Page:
This led to a lot of confusion. As countries in Africa and Asia were thinking about introducing PCV, they were concerned and somewhat confused about this issue of SR and wanted to know if PCV was worth their investment. That was the impetus in doing the study and it’s unclear why there were different results in different places. Some of it might have been that there truly was more SR in some sites, but it also could have been methodological differences or that some sites had very small samples sizes. One outlier site was potentially getting a lot of attention and people were looking at that saying there was complete SR, whereas another site was not showing that. So the idea behind the study was to put all the sites together, weigh all the studies according to their size and findings, and see if we could come up with some sort of summary of SR.

In the course of this analysis, was there anything that was surprising to you?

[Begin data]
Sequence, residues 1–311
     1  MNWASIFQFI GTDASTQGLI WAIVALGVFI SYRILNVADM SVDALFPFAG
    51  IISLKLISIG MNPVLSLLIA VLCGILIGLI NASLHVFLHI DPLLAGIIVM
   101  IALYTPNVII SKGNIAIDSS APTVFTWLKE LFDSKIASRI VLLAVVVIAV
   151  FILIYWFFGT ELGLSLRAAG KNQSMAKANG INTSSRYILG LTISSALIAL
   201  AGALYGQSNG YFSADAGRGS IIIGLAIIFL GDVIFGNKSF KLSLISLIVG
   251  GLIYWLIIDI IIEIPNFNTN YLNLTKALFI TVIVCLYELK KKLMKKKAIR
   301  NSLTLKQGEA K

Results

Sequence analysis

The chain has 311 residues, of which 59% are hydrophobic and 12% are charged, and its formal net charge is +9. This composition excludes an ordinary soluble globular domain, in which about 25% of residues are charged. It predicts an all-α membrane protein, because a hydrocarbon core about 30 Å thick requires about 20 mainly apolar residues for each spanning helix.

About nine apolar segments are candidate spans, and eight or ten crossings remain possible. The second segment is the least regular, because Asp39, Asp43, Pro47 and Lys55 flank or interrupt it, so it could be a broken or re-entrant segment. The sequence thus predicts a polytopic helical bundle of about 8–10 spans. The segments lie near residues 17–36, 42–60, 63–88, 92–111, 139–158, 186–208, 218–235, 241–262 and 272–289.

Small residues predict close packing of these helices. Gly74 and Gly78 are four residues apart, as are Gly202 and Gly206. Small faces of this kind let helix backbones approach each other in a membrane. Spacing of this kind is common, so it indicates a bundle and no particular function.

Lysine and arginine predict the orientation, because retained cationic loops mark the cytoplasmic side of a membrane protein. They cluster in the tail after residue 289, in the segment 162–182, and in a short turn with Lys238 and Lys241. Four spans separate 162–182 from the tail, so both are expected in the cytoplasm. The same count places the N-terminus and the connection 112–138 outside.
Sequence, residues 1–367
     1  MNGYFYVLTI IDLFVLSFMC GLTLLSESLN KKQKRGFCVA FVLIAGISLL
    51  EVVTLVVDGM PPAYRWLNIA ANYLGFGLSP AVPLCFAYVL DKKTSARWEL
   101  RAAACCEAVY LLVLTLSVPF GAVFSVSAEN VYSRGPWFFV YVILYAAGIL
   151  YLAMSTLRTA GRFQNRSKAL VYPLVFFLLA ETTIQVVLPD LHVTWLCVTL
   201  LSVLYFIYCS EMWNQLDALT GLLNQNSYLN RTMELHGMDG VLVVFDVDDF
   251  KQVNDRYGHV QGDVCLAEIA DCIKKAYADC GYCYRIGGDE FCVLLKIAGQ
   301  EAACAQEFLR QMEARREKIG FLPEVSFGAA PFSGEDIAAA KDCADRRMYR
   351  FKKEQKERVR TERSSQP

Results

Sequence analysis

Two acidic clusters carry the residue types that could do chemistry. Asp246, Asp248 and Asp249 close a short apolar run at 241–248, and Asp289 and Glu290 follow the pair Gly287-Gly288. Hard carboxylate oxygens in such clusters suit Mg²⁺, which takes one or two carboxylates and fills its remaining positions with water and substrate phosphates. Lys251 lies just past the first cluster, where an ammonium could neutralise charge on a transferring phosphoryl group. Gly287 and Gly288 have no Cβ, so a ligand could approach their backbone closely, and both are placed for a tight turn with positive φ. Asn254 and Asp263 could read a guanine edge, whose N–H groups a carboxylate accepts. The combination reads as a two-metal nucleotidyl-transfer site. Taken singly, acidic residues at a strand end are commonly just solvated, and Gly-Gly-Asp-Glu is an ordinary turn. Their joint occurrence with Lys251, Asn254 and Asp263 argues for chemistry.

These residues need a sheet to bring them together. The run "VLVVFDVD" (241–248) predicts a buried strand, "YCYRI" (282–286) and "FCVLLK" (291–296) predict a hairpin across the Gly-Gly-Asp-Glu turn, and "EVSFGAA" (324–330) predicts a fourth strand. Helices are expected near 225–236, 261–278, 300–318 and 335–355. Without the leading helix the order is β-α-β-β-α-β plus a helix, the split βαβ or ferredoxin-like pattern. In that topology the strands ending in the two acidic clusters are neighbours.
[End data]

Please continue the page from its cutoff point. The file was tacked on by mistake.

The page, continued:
I have two answers for that. First, although a lot of countries had introduced PCV7, there weren’t many sites that had done the type of surveillance that we felt would be appropriate for this type of analysis. There were sites that were doing surveillance, but when you boiled it down to who met stringent criteria for being able to evaluate SR, there weren’t as many as I thought. That was a lesson because people are out there publishing studies and making conclusions about SR with limitations in their surveillance, which we felt would affect their interpretation of SR, so we did not include those types of studies. We were fairly rigorous in our inclusion and exclusion criteria, so we only ended up including 21 studies.